Pit bulls have a reputation for vicious behavior that is borne of experience. According to a study published in the Journal of the American Veterinary Medical Association in 2000, pit bulls caused the greatest number of dog-bite-related fatalities between 1979 and 1998. Jeffery J. Saks, et al., Breeds of Dogs Involved in Fatal Human Attacks in the United States Between 1979 and 1998, 217 J. Am. Veterinary Med. Ass'n 836, 837 (2000), available at http://www.cdc.gov/ ncipc/duip/dogbreeds.pdf.
In State v. Peters, 534 So.2d 760 (Fla. 3d DCA 1988), the Third District Court of Appeal upheld a City of North Miami ordinance imposing substantial insurance, registration, and confinement obligations on owners of pit bulls. The City of North Miami ordinance contained findings that pit bulls have a greater propensity to bite humans than all other breeds, are extremely aggressive towards other animals, and have a natural tendency to refuse to terminate an attack once it has begun.
This Court would not condone an advertisement that stated that a lawyer will get results through combative and vicious tactics that will maim, scar, or harm the opposing party, conduct that would violate our Rules of Professional Conduct. See, e.g., R. Regulating Fla. Bar 4-3.4(g)-(h) (prohibiting threats to present criminal or disciplinary charges solely to gain an advantage in a civil matter). Yet this is precisely the type of unethical and unprofessional conduct that is conveyed by the image of a pit bull and the display of the 1-800-PIT-BULL phone number. We construe the prohibitions on advertising statements that characterize the quality of lawyer services and depictions that are false or misleading to prohibit a lawyer from advertising his or her services by suggesting behavior, conduct, or tactics that are contrary to our Rules of Professional Conduct.
Further, we reject the referee's finding that the use of the words "pit bull" in the phone number is merely a mnemonic device to help potential clients remember the attorneys' number. Phrase-based phone numbers are memorable because of the images and associations they evoke. The "1-800-PIT-BULL" phone number sticks in the memory precisely because of the image of the pit bull also featured in the ad, the association of pit bulls with the characteristics discussed herein, and the "go for the jugular" style of advocacy that some persons attribute to lawyers. In short, this is a manipulative and misleading use of what would otherwise be content-neutral information to create a nefarious association.
Indeed, permitting this type of advertisement would make a mockery of our dedication to promoting public trust and confidence in our system of justice.
B. First Amendment Protection of Lawyer Advertising
We also disagree with the referee's conclusion that the application of rules 4-7.2(b)(3) and 4-7.2(b)(4) to prohibit this advertisement violates the First Amendment. Lawyer advertising enjoys First Amendment protection only to the extent that it provides accurate factual information that can be objectively verified. This thread runs throughout the pertinent United State Supreme Court precedent.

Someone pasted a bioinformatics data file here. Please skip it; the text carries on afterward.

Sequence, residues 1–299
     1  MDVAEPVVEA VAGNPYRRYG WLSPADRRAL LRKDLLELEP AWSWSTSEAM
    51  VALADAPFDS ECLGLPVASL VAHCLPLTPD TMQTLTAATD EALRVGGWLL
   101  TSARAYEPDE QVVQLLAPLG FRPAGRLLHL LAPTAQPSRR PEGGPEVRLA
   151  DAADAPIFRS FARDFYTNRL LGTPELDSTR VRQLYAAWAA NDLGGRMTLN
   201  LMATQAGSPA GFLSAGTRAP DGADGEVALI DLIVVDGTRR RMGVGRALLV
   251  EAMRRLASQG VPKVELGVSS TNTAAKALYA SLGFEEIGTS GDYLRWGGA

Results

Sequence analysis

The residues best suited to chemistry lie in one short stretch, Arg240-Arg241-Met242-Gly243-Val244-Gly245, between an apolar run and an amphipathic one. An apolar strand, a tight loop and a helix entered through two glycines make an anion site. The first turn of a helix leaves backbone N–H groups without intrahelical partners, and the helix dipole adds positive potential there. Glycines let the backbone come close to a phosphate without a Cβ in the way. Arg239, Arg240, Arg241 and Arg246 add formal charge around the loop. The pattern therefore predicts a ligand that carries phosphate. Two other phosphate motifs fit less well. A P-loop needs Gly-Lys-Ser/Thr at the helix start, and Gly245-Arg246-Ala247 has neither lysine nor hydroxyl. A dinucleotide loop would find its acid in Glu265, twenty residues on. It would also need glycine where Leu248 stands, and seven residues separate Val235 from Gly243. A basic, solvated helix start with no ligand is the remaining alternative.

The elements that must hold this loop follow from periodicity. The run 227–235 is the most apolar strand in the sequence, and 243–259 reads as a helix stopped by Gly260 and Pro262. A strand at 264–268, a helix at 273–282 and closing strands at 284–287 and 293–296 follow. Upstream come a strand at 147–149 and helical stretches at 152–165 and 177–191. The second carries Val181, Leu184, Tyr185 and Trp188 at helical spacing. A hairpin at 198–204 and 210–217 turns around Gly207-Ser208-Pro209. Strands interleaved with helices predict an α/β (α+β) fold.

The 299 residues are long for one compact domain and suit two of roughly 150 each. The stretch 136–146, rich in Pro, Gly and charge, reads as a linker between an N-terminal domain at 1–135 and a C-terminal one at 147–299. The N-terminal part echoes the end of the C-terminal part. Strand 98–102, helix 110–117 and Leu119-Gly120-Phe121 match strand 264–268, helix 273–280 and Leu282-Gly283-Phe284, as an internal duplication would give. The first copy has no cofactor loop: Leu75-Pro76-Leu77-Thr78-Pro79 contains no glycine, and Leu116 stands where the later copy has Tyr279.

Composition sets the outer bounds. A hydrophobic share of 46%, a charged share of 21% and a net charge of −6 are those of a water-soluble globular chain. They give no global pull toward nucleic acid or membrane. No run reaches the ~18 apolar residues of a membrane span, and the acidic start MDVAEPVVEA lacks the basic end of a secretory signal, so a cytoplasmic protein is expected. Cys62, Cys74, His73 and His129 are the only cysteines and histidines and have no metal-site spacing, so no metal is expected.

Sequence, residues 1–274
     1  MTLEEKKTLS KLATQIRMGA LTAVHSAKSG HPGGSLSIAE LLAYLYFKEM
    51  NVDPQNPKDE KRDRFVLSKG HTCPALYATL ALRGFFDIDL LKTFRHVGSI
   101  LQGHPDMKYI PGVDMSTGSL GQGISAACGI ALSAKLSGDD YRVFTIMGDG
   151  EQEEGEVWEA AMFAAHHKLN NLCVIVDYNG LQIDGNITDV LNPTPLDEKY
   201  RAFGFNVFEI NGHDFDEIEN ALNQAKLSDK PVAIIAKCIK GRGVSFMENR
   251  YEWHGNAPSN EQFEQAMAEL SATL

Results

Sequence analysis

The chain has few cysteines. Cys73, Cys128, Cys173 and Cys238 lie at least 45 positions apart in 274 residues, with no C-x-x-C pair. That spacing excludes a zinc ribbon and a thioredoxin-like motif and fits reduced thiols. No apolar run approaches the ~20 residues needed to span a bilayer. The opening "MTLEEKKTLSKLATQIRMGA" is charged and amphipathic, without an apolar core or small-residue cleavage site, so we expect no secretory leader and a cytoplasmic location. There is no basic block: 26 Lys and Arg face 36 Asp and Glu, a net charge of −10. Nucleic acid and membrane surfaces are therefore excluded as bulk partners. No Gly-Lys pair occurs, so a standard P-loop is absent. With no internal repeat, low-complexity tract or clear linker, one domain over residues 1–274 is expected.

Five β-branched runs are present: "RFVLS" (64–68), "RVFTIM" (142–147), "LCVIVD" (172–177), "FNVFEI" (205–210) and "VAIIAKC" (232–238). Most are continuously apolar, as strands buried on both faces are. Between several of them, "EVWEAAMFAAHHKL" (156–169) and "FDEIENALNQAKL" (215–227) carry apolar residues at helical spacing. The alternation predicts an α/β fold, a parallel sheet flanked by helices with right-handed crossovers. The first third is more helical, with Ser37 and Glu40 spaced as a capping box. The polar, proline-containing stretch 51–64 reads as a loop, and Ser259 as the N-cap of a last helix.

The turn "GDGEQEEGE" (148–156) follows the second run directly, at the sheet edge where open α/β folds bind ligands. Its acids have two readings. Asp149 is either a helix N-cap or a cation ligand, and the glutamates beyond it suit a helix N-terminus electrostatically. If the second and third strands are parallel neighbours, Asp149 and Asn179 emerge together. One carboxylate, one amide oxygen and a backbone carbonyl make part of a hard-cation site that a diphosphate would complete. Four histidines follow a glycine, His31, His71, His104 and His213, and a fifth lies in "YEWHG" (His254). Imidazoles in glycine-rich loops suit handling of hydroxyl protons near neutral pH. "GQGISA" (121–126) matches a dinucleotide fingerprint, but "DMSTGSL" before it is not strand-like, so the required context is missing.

The seminal lawyer advertising case is Bates v. State Bar of Arizona, 433 U.S. 350, 376, 97 S.Ct. 2691, 53 L.Ed.2d 810 (1977), which involved the advertising of fees for low cost legal services. In Bates, the Supreme Court held generally that attorney advertising "may not be subjected to blanket suppression," and more specifically that attorneys have the constitutional right to advertise their availability and fees for performing routine services. Id. at 383-84, 97 S.Ct. 2691. The cost of legal services, the Supreme Court concluded, would be "relevant information needed to reach an informed decision." Id. at 374, 97 S.Ct. 2691.
In reaching this conclusion the Supreme Court recognized that "[a]dvertising is the traditional mechanism in a free-market economy for a supplier to inform a potential purchaser of the availability and terms of exchange." Id. at 376, 97 S.Ct. 2691. "[C]ommercial speech serves to inform the public of the availability, nature, and prices of products and services, and thus performs an indispensable role in the allocation of resources in a free enterprise system. In short, such speech serves individual and societal interests in assuring informed and reliable decisionmaking." Id. at 364, 97 S.Ct. 2691 (citation omitted).
The Supreme Court emphasized that advertising by lawyers could be regulated and noted that "because the public lacks sophistication concerning legal services, misstatements that might be overlooked or deemed unimportant in other advertising may be found quite inappropriate in legal advertising." Id. at 383, 97 S.Ct. 2691. The Supreme Court specifically declined to address the "peculiar problems associated with advertising claims relating to the quality of legal services," but observed that "[s]uch claims probably are not susceptible of precise measurement or verification and, under some circumstances, might well be deceptive or misleading to the public, or even false." Id. at 366, 97 S.Ct. 2691 (emphasis supplied).
After Bates, the Supreme Court considered a Missouri rule that restricted lawyer advertising to newspapers, periodicals, and the yellow pages, and limited the content of these advertisements to ten categories of information (name, address and telephone number, areas of practice, date and place of birth, schools attended, foreign language ability, office hours, fee for an initial consultation, availability of a schedule of fees, credit arrangements, and the
Writing for a unanimous Court, Justice Powell summarized the commercial speech doctrine in the context of advertising for professional services: